Recent Developments in Diet and Gout

Susan J Lee; Robert A Terkeltaub; Arthur Kavanaugh

Disclosures

Curr Opin Rheumatol. 2006;18(2):193-198. 

In This Article

Conclusion

The US prevalence of gout has risen, particularly in those over the age of 65.[45] Dietary and lifestyle changes, including popularity of diets high in meat and seafood, and the rising consumption of beer may be contributing. Recent studies highlight the importance of dietary measures and alcohol restriction in the prevention of hyperuricemia and gout. The treatment of underlying risk factors remains a key cornerstone in the management of gout. Lifestyle modifications, including dietary intervention, weight loss and reduction of alcohol, can significantly lower the serum uric acid and the risk of developing gout. More importantly, diet in the gout patient can be employed for preventive effects on insulin resistance, hyperlipidemia, atherosclerosis, hypertension and alcoholic liver disease. The most effective forms of dietary regimens for both hyperuricemia and gout flares remain to be identified for patients with gout. Recent open study of a low-carbohydrate and high-protein diet featuring preferential monounsaturates in the fat component of the diet and tailored for insulin resistance, however, appeared promising for patients with gout.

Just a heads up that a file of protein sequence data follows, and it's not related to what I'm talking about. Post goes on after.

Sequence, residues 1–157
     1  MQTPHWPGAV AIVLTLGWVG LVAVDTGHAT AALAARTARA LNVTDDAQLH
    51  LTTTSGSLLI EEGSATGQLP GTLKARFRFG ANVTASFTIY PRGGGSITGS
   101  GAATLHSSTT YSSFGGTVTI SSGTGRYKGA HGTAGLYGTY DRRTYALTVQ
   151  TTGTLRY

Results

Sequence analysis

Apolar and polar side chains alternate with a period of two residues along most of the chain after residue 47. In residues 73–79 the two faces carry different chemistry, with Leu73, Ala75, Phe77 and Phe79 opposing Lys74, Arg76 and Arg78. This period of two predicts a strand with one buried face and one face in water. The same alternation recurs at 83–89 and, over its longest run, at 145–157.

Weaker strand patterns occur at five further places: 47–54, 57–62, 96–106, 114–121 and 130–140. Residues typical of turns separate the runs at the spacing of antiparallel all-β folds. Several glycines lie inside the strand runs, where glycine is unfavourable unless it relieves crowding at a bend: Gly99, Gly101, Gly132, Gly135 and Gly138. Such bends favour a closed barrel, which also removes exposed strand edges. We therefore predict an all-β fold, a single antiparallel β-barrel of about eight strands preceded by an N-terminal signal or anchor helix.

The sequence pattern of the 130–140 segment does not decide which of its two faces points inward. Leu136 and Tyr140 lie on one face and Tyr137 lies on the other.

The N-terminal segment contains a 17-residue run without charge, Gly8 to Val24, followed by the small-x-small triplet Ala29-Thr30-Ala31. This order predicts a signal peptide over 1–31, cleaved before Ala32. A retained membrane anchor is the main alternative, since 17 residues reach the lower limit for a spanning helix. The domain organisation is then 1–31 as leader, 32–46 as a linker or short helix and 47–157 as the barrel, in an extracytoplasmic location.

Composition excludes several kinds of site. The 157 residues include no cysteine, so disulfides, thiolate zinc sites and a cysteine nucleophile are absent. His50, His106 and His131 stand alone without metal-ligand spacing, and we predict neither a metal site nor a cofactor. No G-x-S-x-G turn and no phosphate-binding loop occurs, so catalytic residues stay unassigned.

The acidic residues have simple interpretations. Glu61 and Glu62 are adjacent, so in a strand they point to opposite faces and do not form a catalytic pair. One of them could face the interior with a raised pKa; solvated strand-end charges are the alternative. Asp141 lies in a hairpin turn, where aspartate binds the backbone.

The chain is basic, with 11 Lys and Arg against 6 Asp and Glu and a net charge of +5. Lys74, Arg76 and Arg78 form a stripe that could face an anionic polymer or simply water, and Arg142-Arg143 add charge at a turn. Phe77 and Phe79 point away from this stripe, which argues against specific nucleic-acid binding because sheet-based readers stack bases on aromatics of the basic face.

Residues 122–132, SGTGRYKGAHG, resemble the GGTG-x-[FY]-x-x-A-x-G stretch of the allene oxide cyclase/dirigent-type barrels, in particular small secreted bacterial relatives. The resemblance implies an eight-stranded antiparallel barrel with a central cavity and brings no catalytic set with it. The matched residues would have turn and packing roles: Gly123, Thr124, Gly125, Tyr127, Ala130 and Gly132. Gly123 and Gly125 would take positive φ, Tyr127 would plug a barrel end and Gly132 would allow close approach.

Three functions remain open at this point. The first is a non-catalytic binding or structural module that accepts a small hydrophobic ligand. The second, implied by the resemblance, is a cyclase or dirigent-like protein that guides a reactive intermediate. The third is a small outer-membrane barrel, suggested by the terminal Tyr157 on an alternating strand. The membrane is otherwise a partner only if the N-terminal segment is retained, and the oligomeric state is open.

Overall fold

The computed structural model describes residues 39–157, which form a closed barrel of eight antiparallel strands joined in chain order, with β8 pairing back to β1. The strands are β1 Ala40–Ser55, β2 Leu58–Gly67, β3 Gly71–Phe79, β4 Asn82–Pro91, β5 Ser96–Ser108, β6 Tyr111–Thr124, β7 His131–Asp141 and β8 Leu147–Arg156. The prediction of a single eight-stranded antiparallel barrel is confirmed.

Until a large, controlled study confirms these findings, it is prudent to advise patients to consume meat, seafood and alcoholic beverages in moderation, with special attention to food portion size and content of non-complex carbohydrates which are essential for weight loss and improved insulin sensitivity. Although the total protein intake does not appear to be correlated with hyperuricemia and the risk of gout, given the potential for ketosis induced by currently popular 'low-carb' diets, caution should be exercised during the initiation phase of these diets.

Gout patients should consider fulfilling their protein quota with purine-rich vegetables instead of meat and seafood. Low-fat dairy products and wine appear to be protective for the development of gout in several epidemiological studies. Due to potential confounding variables and ascertainment bias, however, it remains premature to recommend their use (preferential to other foods and beverages) in the management and prevention of gout or hyperuricemia, particularly in the patient with stable gout under pharmacologic control. Heavy consumption of alcohol, in the form of either beer or liquor, however, should be discouraged, as it increases serum uric acid and potentially promotes gout flare, particularly in association with heavy meals. With a better understanding of the impact of these lifestyle modifications, physicians can more effectively educate and motivate patients on non-pharmacological measures to better manage gout.

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